So, Russell, what I hear you saying is that my 1,400 s.f. (total floor area; public space is less than 700 s.f.) Tasting Room building that only has an iPod dual speaker base station setup is probably good to go w/o a license fee?
    You need to make sure you have the rights to play the music you play over the iPod base station. Owning a song for personal use does not permit you to broadcast it in a public setting or place of business. In the beginning, we opted to go with a TouchTunes jukebox because it cost us nothing out of pocket. Recently, I had that removed and I now believe that juke boxes aren't worth the trouble they cause in a taproom. However, the Pandora (for business), is legit. We use that, and Pandora owns the rights to the music, so you're good. There are some limitations, like how many times you can skip a song per hour.

    Went round and round with BMI, because for a period of time, our musicians played originals. You have to pay them if you have live music. If your musicians play cover songs, then they are turning profit off from material they do not own, and so are you with the additional beer sales.

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  • yap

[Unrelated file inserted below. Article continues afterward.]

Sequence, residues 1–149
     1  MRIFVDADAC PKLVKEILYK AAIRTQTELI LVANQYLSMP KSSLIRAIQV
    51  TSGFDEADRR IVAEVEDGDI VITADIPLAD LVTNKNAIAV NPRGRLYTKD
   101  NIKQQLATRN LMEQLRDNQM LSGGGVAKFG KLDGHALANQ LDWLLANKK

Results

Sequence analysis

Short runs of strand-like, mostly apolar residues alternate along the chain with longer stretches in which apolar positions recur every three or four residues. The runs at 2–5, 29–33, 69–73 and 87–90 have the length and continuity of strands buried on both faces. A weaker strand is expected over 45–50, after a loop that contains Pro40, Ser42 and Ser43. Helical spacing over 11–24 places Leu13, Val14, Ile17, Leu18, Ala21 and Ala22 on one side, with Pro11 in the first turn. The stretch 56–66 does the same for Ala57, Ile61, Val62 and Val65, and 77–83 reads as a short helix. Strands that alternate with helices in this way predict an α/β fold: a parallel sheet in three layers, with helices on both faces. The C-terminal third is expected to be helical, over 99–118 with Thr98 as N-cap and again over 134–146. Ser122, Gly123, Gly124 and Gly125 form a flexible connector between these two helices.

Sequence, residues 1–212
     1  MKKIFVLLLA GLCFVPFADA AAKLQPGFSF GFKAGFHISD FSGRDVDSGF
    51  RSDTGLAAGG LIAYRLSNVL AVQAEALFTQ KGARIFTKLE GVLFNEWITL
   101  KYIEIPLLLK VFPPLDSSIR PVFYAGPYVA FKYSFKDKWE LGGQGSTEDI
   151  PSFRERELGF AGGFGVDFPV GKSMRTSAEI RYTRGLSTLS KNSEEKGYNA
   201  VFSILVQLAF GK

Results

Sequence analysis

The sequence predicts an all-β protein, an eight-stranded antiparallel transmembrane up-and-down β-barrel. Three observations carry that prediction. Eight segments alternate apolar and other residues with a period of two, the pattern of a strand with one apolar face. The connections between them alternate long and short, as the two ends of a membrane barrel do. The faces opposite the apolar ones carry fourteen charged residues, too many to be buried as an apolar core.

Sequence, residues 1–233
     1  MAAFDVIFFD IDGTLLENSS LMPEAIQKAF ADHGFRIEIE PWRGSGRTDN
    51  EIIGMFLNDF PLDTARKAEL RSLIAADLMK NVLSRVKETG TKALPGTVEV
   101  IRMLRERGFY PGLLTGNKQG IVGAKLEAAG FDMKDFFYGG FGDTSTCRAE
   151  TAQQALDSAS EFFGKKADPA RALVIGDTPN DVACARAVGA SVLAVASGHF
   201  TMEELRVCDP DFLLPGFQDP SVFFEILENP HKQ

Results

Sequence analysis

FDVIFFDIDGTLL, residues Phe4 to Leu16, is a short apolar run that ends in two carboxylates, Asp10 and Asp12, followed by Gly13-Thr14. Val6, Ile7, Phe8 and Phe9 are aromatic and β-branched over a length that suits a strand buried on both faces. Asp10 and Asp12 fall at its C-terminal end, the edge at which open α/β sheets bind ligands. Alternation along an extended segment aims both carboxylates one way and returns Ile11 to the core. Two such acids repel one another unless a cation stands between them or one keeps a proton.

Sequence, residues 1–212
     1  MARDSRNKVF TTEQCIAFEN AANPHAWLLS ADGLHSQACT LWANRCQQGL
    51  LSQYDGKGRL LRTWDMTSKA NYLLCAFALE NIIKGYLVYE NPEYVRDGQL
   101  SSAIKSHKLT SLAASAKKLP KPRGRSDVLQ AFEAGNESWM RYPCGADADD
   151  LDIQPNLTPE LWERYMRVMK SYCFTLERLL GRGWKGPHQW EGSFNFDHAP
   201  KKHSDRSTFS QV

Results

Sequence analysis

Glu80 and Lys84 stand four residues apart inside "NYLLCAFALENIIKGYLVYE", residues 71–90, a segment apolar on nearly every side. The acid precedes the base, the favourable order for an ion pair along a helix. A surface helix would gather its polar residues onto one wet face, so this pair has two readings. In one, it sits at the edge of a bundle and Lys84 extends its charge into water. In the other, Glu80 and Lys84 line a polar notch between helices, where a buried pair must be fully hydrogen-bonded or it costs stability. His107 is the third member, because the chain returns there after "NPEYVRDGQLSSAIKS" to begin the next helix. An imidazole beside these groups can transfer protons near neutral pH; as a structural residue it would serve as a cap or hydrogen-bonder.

replied
    Yeah, I've never understood how it's MY problem if a musician plays a song they don't have the rights to play. They are technically the one violating the copyright, but somehow I have to pay the penalty.

    To me it's kin to suing a gun manufacturer because you got shot by some idiot during a robbery, while letting the robber himself go free...

    Commercial Pandora is only $25 a month and you don't have to listen to commercials so that's all we do now.

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  • I H8 UM
    replied
    Its time for musicians to be licensed.

    I wish we could only hire licensed musicians. Let them pay the fees since they decide what music they are going to play. If a musician had to be licensed for a public performance, there would be fewer musicians and the licensed ones could charge more. If they play a song that they aren't licensed for, they pay the fine. It works for my doctor and plumber. Musicians I have talked to love this idea.

    Leave a comment:


  • Junkyard
    replied
    We paid up, and decided if we're going to pay money to these bastards we might as well have live music almost every night of the week.. So that's what we do now.